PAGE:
Wednesday, November 30, 2011

The Wonderland of Oz

In 1932, Reilly & Lee attempted a new Oz publicity stunt: a comic strip. The Wonderland of Oz was serialized in newspapers through 1932 and 1933 and Reilly and Lee even offered a collector's album for children to put the comic strip. (If anyone has one of these albums, I'd love to see a photo of it.)

Now, these were not comic strips as we know them today, but pictures that told the story with text underneath. Here's an example:
You might note that it says "Based on the stories by L. Frank Baum and Ruth Plumly Thompson." Apparently there were some lofty plans for this series. However, these strips only adapted The Marvelous Land of Oz, Ozma of Oz, The Emerald City of Oz, The Patchwork Girl of Oz and Tik-Tok of Oz. Walt Spouse did the artwork, modelling his designs very much on the illustrations of John R. Neill. It's unclear if he wrote the text himself or if a staff writer did so. As it is, there are some changes that were made to the stories that required new text not found in Baum.

After the series' end, some comics were reprinted in comic magazines like "The Funnies." This time, word balloons with newly written dialogue were sloppily added to the artwork. Example:
And aside from some mentions in The Baum Bugle, the strip languished in obscurity for years until Hungry Tiger Press' first issue of Oz-Story Magazine in 1995. That volume presented a new version the first half of Walt Spouse's The Land of Oz, this time presented as a regular comic. Each panel was carefully redone by Eric Shanower, sometimes adding extra bits of art and writing in new dialogue based closely on Baum's text. Word balloons were carefully placed so as not to interfere with Spouse's original art, which was treated as the actual star of the presentation.
In the remaining five annual issues of Oz-Story Magazine, the rest of The Land of Oz, Ozma of Oz, and The Emerald City of Oz were serialized with identical treatment. The final issue announced the remaining stories would be presented in a collected edition of the entire series. Such a volume, however, has yet to emerge. (I think a contributing factor to this is that the guy who did the new adaptation and art restoration is extremely busy with things like Age of Bronze and now adapting the Oz books for a different comic series...)

In 2007, all three completed stories were released in single graphic novel formats with newly colored attractive covers. Since I'd already bought a complete set of Oz-Story Magazine, my interest wasn't too high since I didn't want a lot of duplicates of the same content in my collection, but I eventually picked them up at the Winkie Convention this year. (That anti-duplicate rule, I've given up on.)
Or maybe I'm a sucker for colorful Ozzy covers...
The stories are very faithfully based on Baum and would likely be a nice gift for children who've only begun to read. For experienced Baum and Neill fans, little is offered aside from the few changes (in these three) in the story and scenes that Neill never drew. As a bit of Oz history and quality comics, they're worth it. The Land of Oz and Ozma of Oz contain examples of previous incarnations of the comic strip.

Now, about these changes and things that Neill didn't draw? Well, there's additional moments from the stories that Neill didn't draw, but as Spouse retold the story through drawings, these show up. I'll only mention the most notable below.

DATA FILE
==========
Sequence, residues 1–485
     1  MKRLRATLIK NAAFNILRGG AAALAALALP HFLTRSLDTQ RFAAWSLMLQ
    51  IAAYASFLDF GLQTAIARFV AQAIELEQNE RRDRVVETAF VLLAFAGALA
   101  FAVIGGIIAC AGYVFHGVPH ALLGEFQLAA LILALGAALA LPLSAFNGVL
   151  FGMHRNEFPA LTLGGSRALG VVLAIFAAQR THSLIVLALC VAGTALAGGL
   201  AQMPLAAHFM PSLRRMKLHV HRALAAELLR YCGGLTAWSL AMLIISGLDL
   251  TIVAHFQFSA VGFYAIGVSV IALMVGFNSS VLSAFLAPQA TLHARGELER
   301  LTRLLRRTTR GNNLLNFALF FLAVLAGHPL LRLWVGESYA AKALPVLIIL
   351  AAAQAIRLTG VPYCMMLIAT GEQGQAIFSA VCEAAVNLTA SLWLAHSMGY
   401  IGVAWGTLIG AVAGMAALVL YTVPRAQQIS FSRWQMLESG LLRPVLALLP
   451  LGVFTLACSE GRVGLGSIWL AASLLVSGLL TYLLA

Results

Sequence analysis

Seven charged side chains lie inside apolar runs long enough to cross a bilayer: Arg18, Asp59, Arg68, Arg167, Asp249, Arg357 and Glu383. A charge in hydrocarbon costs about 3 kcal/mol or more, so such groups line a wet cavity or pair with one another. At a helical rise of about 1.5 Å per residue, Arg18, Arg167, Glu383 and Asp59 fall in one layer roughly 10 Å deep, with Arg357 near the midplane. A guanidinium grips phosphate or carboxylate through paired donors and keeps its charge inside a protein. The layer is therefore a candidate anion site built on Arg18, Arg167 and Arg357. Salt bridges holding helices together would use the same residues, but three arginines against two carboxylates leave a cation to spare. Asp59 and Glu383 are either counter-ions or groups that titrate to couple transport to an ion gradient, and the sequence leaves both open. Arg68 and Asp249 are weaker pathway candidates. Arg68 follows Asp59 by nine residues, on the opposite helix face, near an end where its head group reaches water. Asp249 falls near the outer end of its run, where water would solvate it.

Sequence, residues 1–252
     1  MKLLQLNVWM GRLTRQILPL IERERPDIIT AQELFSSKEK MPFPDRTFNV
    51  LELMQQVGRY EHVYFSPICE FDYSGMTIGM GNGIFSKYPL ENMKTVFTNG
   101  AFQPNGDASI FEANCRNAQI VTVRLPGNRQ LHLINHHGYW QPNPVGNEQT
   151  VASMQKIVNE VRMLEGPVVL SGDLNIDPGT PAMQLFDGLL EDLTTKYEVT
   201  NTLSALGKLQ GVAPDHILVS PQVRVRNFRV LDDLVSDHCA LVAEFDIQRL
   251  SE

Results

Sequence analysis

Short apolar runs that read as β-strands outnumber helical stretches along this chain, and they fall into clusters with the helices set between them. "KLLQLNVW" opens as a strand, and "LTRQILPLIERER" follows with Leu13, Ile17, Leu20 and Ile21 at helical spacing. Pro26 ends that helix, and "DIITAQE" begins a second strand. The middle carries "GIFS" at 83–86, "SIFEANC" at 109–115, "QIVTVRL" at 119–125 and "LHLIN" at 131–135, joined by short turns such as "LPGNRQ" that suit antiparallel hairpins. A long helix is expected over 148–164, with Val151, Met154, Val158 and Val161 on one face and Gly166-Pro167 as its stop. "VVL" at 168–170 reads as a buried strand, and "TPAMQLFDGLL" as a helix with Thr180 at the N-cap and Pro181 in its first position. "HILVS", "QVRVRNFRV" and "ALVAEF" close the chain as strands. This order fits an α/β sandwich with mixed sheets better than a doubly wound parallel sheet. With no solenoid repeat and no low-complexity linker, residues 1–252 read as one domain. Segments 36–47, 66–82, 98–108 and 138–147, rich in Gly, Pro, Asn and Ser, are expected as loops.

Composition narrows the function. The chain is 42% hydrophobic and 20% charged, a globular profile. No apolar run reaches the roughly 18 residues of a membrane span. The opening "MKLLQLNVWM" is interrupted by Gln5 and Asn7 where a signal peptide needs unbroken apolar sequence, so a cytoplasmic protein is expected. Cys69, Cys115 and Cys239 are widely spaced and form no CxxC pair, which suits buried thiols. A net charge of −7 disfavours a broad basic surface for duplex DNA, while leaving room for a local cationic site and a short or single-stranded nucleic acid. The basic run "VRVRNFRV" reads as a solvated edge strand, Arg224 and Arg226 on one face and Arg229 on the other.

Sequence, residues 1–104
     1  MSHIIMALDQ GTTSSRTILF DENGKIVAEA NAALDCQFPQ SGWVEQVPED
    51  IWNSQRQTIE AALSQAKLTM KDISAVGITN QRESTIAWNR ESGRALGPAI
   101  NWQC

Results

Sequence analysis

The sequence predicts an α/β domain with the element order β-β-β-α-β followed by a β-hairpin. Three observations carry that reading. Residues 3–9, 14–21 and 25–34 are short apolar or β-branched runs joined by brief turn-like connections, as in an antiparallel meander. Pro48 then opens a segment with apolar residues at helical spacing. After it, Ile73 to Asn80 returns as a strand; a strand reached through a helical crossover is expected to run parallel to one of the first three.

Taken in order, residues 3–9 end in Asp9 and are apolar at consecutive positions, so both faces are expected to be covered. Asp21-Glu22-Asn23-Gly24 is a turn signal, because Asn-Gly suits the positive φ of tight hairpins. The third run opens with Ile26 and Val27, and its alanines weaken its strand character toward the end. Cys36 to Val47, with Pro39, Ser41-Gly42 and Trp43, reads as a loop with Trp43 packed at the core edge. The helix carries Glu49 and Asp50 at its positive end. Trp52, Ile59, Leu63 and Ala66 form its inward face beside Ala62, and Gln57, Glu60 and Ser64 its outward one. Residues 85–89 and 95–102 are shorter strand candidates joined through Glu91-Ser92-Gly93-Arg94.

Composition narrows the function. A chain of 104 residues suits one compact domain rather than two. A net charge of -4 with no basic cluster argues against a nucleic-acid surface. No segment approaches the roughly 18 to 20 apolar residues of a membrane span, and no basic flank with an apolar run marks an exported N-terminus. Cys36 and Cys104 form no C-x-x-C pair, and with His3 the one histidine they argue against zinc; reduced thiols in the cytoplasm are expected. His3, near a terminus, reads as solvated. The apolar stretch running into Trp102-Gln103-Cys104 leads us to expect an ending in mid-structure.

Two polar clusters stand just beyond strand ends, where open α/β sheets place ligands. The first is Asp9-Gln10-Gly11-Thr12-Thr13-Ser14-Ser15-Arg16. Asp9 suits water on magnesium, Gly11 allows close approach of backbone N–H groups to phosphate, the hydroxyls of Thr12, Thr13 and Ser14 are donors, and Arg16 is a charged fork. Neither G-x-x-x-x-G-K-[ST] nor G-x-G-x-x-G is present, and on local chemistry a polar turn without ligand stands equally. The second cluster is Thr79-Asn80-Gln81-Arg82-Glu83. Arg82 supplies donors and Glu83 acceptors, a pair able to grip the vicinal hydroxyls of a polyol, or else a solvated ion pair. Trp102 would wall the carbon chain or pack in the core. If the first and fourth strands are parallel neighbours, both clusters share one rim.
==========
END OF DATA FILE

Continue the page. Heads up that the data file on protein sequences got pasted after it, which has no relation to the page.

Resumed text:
The Land of Oz
  • Tip attempts to flee Mombi's house when she tells him she'll transform him into a marble statue. (Then why didn't she lock the door?)
  • The home of the Queen of the Field Mice is shown.
  • All of Mombi's transformations are illustrated. 
Ozma of Oz
  • No real story changes, but we get a comical drawing of the Sawhorse kicking the Nome King!
The Emerald City of Oz
  • The Shaggy Man does not exist in this version of Oz, so all of his scenes that really bear on the story are given to Uncle Henry or the Wizard.
  • The trouble with the bank is made clear not through prose but by a visit by a man from the bank.
  • Toto eats an elocution pill and sings from "The Barber of Seville"
  • Unlike Neill's illustrations, we get to see the Phanfasms in their true forms.
  • The creation of the barrier of invisibility is omitted. Shanower's text accompanying the Scarecrow, Tin Woodman, and Jack Pumpkinhead walking home says, "Come see us soon, for we shall not have any more adventures for awhile." (Come on, Scarecrow, you live in the Land of Oz.)
So, would I recommend buying The Wonderland of Oz? Yes. It's an important part of Oz comics history and Oz art. In addition, if you read them alongside the new Marvel comics, it's fun to see Shanower's different adaptations of Baum's text in The Land of Oz and Ozma of Oz. And with Christmas coming up, if you have a kid on your Christmas shopping list who you'd like to introduce to Baum's Oz beyond The Wonderful Wizard of Oz, these would make a nice introduction! And they're not badly priced at $10 each.

You can order the graphic novel collections from Hungry Tiger Press with the links below:
The Land of Oz
Ozma of Oz
The Emerald City of Oz

Here's hoping we might finally get to see Spouse's The Patchwork Girl of Oz and Tik-Tok of Oz!

All images are from the Hungry Tiger Press editions of The Wonderland of Oz. Copyright Hungry Tiger Press.

    1 comment:

    Hungry Tiger Talk said...

    Thanks for the plug, Jared! I really like WONDERLAND OF OZ. I'm not sure if you ever spotted this but we have a five page color sample from the FUNNIES reissue of PATCHWORK GIRL on our website. Here's a link:

    http://hungrytigerpress.com/tigertreats/spouse_patchwork_treat.pdf

    And, BTW, the Shaggy Man is in PATCHWORK and TIK-TOK.

    www.hungrytigerpress.com